The head of North American Aerospace Defense Command (NORAD) said the Chinese high-altitude surveillance balloon that passed across the U.S., and similar balloon incidents that went undetected in recent years, have highlighted a “domain awareness gap.”

Air Force Gen. Glen VanHerck, commander of NORAD and U.S. Northern Command, was asked during a press briefing on Monday about reports that at least three such balloons flew into U.S. airspace during the Trump administration without being detected, with the incidents being discovered after the fact.

Sailors assigned to Explosive Ordnance Disposal Group 2 recover a high-altitude surveillance balloon off the coast of Myrtle Beach, South Carolina, Feb. 5, 2023. (U.S. Navy Photo by Mass Communication Specialist 1st Class Tyler Thompson)

“Every day as the NORAD commander it’s my responsibility to detect threats to North America. I will tell you that we did not detect those threats. And that’s a domain awareness gap that we have to figure out. But I don’t want to go into further detail,” VanHerck responded. “The intel community, after the fact, I believe had been briefed already. [They] assessed those threats…from additional means [of collection] and made us aware of those balloons that were previously approaching North America or transited North America.”

The Pentagon first announced it was tracking a suspected Chinese surveillance balloon last week, which traveled eastward across the United States, before airspace was closed off the coast of South Carolina on Saturday for the military to shoot it down.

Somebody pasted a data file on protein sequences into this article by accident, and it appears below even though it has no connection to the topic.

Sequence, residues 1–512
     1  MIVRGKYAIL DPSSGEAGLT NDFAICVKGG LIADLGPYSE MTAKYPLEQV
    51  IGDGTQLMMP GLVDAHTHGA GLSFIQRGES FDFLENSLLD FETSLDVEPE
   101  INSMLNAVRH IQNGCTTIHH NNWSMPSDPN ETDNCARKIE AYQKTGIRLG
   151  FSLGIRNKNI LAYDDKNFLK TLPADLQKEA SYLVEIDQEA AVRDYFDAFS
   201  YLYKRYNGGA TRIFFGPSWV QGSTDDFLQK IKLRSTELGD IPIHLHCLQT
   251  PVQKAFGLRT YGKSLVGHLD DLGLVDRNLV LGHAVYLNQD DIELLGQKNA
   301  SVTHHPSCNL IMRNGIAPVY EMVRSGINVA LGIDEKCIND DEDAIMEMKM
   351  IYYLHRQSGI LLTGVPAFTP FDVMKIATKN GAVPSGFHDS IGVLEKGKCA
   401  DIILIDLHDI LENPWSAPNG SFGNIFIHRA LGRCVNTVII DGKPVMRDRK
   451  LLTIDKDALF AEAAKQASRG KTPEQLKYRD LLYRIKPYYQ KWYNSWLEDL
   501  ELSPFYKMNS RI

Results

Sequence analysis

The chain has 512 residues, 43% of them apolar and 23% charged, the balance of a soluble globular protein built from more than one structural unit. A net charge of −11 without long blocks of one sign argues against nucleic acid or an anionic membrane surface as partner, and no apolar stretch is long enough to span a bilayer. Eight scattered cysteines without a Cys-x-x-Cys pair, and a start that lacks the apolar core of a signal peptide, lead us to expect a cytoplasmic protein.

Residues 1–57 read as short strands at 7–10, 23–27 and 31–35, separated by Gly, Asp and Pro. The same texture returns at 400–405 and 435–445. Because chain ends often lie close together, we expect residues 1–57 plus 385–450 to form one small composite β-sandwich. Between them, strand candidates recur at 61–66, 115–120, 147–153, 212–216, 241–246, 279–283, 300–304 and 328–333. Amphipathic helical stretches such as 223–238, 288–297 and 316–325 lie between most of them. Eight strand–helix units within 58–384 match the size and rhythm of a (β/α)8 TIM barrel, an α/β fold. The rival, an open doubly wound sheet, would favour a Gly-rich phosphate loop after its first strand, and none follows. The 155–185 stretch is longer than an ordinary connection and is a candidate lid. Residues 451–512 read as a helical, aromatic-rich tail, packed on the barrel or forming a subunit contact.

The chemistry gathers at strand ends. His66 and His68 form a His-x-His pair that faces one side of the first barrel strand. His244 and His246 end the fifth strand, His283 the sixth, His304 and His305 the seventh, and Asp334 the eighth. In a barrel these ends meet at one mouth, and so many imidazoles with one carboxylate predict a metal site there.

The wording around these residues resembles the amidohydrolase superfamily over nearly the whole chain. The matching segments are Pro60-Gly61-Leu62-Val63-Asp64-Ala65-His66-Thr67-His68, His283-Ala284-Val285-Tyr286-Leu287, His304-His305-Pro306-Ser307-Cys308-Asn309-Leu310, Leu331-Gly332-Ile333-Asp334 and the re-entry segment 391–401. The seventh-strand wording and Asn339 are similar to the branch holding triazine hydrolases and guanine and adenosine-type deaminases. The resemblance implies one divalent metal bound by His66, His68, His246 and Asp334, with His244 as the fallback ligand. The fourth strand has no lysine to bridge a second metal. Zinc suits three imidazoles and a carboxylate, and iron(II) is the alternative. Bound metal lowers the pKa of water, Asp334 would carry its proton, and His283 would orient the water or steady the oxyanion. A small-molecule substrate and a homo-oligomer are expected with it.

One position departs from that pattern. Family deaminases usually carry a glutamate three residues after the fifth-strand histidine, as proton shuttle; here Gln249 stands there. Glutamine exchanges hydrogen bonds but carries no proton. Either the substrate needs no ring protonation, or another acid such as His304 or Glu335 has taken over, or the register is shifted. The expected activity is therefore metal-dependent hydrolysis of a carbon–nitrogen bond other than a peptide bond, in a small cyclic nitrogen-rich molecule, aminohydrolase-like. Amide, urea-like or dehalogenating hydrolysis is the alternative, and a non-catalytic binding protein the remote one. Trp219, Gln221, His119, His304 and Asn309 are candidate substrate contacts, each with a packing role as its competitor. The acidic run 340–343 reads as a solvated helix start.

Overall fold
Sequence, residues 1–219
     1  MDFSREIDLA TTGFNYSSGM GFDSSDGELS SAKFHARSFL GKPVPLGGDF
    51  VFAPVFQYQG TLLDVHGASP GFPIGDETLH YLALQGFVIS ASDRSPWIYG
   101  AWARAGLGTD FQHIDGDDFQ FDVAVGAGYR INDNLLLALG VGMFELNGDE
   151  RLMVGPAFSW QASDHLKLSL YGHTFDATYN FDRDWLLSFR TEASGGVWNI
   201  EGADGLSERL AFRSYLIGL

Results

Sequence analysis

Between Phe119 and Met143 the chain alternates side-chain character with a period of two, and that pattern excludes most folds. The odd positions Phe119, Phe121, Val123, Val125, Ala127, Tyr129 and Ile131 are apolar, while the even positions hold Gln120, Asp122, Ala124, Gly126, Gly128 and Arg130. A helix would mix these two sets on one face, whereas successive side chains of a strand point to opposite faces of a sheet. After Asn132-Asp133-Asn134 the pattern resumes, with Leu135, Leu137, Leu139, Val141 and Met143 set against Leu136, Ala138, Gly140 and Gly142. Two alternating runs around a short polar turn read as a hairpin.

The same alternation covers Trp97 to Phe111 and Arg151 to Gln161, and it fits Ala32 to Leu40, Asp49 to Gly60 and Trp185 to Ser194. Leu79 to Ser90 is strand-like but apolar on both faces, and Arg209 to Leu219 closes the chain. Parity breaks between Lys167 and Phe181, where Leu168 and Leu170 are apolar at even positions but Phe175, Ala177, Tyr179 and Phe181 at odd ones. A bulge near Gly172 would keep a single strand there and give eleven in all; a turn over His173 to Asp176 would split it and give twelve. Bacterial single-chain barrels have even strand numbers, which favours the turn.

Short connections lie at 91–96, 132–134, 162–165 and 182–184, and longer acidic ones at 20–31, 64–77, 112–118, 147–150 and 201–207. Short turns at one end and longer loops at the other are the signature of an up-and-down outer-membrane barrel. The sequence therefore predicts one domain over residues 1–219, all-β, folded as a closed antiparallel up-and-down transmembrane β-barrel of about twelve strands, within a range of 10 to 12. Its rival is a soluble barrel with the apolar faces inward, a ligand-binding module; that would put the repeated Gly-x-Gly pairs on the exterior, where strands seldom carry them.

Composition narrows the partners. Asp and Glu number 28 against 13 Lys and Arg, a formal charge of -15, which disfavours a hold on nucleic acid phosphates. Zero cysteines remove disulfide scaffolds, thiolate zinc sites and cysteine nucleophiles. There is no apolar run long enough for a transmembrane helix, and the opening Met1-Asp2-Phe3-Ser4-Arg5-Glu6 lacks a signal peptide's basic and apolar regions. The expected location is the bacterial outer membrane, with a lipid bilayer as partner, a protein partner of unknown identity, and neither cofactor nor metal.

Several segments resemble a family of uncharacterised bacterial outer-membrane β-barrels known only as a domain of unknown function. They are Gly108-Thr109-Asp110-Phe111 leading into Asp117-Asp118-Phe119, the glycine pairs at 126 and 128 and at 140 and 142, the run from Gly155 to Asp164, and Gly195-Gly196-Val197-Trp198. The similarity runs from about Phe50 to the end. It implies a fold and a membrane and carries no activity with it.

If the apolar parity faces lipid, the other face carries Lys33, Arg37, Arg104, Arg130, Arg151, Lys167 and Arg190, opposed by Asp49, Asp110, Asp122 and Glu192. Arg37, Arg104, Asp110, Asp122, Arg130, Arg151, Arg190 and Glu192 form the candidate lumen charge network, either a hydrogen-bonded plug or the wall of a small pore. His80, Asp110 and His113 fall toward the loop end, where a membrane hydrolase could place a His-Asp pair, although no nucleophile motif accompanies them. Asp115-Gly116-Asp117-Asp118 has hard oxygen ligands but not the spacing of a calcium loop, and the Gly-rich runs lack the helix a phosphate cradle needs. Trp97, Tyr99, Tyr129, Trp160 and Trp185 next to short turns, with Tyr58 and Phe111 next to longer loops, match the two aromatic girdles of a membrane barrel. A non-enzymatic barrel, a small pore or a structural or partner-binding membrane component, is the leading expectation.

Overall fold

VanHerck told reporters the Raytheon Technologies [RTX]-built AIM-9X Sidewinder missile fired from an F-22 fighter aircraft was the safest and most effective option for taking out the balloon, with operations ongoing now to recover debris (Defense Daily, Feb. 6). 

Ret. Navy Adm. Harry B. Harris Jr., former head of U.S. Indo-Pacific Command, testified Tuesday at a House Armed Services Committee (HASC) hearing on threats from China, and cited concern over whether the U.S.’ current sensing capability is adequate for detecting such airspace intrusions.

“That ought to concern all of us. So I think getting the parts of this balloon together and understanding [China’s] surveillance [capabilities] will help,” Harris said. 

Rep. Mike Rogers (R-Ala.), the new HASC chair, said during Tuesday’s hearing he believes the Chinese surveillance balloon was “intentionally launched as a calculated show of force.”

Sen. Jack Reed (D-R.I.), chair of the Senate Armed Services Committee, told reporters on Tuesday he thought the Biden administration’s conduct related to the Chinese balloon “was extremely appropriate,” while noting Congress should be briefed on how the system was able to breach U.S. airspace and the challenges with detecting earlier incidents.

“We’ll certainly look at that. But I think the latest incident was picked up fairly quickly and transmitted to the president and the national security team very, very quickly. But that’s obviously something we want to check,” Reed said during a Defense Writers’ Group discussion. “That’s one of the key questions that we’re going to pose to the intel and Department of Defense briefers. Why did we detect this system and we failed to detect the other systems? So I don’t want to be coy, that’s a question I have to get answered.”

VanHerck during his briefing declined to give specifics on the operation to track the balloon as it traversed across the U.S. or the specific locations it flew over, noting his plans to brief Congress on the incident. 

“We utilized multiple capabilities to ensure we collected and utilized the opportunity to close intel gaps,” VanHerck said. “I would just tell you, we took every precaution to ensure any sites in the way were covered and that we minimized any collection.”